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Vaccines are a critical tool in the protection of humans and animals against pathogens, but a major challenge for vaccine development is understanding why vaccines work better for some individuals than others.
To answer this question, a research team led by Yana Safonova, assistant professor in the Department of Computer Science at the Johns Hopkins Whiting School of Engineering, studied black angus cows and their varying responses to the Bovine Respiratory Disease, or BRD, vaccine. The team's findings were recently published in the journal Genome Research.
BRD is the leading cause of natural death for cows and costs the cattle industry an estimated $900 million a year. Medication is expensive, so cattle producers rely on vaccinations to mitigate the problem.
Conducting research for the U.S. Department of Agriculture, Safonova and researchers from the University of California, San Diego sought to understand how the unique genetic structure of cows and other bovine animals such as bison, buffalo, and antelopes were creating antibodies from the BRD vaccine.
"We wanted to answer one particular question: Why are some individuals within the population of black angus cows responding very differently to the same vaccine?" Safonova said.
The researchers examined a distinguishing feature of bovine immunity: the long complementarity-determining region H3 loops in the antibodies they create. Bovine antibodies with such ultralong CDR H3 loops have been found to neutralize certain strains of HIV, and Safonova and her team have discovered that they are also one key to developing antibody responses against BRD.
Using a new computational tool that they designed, Safonova and her team analyzed sequencing data from antibodies produced by the black angus cow population and pinpointed genetic variations in antibodies associated with immune responses.
The researchers found that while the creation of these unique antibody structures was triggered by each vaccine dose, vaccine efficacy (how well the vaccine actually works) is determined long before the individual mounts an immune response. Segments of DNA called variable, diversity, and joining immunoglobulin genes, also referred to as IG genes, are what produce antibodies and control individual responses to a vaccine.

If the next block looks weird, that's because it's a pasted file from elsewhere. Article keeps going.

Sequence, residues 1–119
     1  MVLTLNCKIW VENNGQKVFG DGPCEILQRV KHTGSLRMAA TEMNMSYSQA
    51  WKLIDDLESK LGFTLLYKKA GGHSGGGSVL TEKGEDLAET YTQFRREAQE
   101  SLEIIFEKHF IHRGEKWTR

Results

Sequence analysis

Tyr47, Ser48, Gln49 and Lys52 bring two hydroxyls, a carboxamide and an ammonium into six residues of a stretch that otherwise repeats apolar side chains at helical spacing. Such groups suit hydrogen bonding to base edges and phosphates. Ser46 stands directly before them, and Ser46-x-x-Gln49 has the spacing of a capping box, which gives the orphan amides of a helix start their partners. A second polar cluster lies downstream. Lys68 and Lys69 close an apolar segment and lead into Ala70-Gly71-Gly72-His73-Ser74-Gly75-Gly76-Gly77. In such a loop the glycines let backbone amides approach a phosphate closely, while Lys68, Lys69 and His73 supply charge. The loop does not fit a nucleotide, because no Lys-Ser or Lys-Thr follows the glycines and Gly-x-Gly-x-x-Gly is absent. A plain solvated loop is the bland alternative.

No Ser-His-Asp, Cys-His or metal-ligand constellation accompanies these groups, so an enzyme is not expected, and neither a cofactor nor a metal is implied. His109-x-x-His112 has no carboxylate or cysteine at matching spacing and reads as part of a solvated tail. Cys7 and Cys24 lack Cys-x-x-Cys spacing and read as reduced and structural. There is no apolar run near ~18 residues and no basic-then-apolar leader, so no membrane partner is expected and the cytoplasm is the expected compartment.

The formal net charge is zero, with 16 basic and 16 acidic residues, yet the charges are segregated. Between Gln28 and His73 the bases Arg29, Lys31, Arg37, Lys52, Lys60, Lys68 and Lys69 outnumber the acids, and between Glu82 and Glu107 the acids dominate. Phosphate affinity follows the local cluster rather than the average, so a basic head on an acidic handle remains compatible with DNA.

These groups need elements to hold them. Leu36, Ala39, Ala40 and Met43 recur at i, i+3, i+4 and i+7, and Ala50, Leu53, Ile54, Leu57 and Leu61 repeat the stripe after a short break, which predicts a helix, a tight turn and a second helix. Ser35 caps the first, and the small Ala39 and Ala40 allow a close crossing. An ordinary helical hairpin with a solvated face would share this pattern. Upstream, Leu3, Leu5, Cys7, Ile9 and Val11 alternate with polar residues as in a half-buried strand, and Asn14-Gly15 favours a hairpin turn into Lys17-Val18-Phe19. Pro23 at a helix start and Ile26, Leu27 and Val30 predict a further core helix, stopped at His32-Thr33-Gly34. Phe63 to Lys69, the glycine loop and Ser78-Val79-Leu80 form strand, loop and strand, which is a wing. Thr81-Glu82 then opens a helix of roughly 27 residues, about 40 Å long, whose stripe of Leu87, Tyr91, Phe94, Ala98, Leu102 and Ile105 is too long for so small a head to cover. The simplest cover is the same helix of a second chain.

This means vaccine efficacy for an individual is pre-determined before the vaccine is even administered.
Because the team's method can reveal these genetic markers, cattle producers could potentially use this information to selectively breed cows that are less susceptible to BRD based off their genetic predisposition, said Safonova.
The researchers say that their study is the largest personalized immunogenetics study across any species to date, and that their results open doors to applying immunosequencing to human vaccine studies. In-depth immunogenetics research would allow scientists to discover patterns in the human genome that determine the body's programmed response to vaccines. In fact, Safonova says a large-scale study of human immunogenetics could aid in understanding vaccine response variations ahead of the next pandemic.
Safonova explained, "With new strains of COVID-19, new variants, and the need for vaccinations, we can show that this type of study will work for many different subjects. We want to highlight how we can study [the vaccination process] across different genomes."